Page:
Saturday, November 7, 2015 - 12:00

This fascinating article appeared in The Star in the lead up to Johannesburg's Centenary Commemorations. It highlights the layers of significance attached to Northcliff Hill previously known as Aasvogel Kop. It is interesting to note the tussle between the forces of preservation and development on the ridge as well as the limited resources of the heritage authorities of the time.

In 1986 Johannesburg will be 100 years old. That's young by Europe's standards of course. But looked at from another direction we've had people living in this area for hundreds of thousands of years.

Traces of these occupants - Stone Age Man - are still visible in parts of modern Johannesburg. Their tools have been unearthed right next to Johannesburg's Supreme Court building. And on top of Northcliff hill there are the remains of their settlements. The first known inhabitants of Johannesburg settled on the eastern side of the hill between 500 000 and 250 000 years ago. They were hunters and gatherers of edible plants who made use of stone tools. Three sites remain to tell of these early inhabitants.

Later, between 100 000 and 50 000 years ago, other people settled in the area. They too used stone tools and there are the remains of their settlement in two sites on top of the hill.

Then, about 300 years ago, kraals were built, and stone walls enclosed areas - Iron Age farmers had moved into the area.

Northcliff hill shows the past of all three periods but the question to be asked is - 'for how long?'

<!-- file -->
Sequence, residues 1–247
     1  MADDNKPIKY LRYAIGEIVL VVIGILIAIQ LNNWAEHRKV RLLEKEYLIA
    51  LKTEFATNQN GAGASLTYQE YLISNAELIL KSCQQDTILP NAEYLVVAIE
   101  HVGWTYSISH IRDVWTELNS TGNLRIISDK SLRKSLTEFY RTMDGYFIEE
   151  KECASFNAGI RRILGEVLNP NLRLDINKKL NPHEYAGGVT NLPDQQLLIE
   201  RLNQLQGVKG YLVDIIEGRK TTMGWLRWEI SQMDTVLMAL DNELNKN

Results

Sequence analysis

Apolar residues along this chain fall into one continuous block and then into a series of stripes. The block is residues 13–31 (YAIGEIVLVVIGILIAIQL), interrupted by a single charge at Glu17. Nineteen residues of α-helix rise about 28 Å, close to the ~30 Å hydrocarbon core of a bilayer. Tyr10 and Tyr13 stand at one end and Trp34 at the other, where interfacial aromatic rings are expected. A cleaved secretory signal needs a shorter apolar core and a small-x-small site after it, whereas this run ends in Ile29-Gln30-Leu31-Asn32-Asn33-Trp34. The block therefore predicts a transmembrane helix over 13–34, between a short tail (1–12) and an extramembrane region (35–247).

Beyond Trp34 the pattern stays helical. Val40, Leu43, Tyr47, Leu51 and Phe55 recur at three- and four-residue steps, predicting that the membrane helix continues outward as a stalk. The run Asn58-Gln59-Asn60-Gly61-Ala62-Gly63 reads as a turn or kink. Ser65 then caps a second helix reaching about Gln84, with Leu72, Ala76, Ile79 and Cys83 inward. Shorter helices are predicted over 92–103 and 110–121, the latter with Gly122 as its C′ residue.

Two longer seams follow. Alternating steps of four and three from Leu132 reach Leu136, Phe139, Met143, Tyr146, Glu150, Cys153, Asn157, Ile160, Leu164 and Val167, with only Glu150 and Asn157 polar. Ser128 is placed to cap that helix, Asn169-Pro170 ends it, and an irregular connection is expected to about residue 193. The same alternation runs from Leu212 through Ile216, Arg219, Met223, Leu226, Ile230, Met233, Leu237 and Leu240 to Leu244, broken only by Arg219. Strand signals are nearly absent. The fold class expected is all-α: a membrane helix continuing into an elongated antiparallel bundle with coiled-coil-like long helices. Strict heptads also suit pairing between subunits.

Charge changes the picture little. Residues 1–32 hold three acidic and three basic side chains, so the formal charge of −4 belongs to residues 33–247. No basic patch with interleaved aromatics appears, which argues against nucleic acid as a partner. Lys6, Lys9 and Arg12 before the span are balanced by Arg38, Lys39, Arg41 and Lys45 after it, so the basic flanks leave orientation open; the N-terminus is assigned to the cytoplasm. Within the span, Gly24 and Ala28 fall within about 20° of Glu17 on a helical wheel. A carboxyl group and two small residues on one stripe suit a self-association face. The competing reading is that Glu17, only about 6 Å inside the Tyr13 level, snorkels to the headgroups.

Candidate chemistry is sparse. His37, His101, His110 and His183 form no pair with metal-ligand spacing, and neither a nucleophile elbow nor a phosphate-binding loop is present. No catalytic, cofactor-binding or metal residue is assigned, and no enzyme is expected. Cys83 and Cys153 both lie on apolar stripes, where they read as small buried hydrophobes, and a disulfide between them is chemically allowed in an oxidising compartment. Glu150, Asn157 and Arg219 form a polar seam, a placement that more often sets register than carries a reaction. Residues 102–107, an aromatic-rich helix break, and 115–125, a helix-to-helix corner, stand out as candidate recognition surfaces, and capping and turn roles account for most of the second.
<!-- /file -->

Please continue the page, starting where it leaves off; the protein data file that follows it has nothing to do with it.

According to Professor Revil Mason, director of the archaeological research unit and professor of African prehistory at the University of the Witwatersrand, an inspection of a 1933 photograph taken from the air showed a substantial number of stone-walled Iron Age sites on the hill. These have been destroyed - some to make garden walls.

"Northcliff hill is the only high open point in Johannesburg which provides both a beautiful view of the CBD and the country", says Prof Mason.

But he fears the ridge could be destroyed by ill-considered property development - especially now that an application to have the hill and its archaeological sites declared national monuments has been turned down.

The National Monuments Council failed to correlate two things , the archaeological value of the site with its geological and aesthetic value, according to Prof Mason. If the hill were covered by buildings it would lose its aesthetic value. He added the action of the NMC was understandable. It was understaffed and unable to perform its function adequately. He feels it is up to the community and the State to provide adequate staff.

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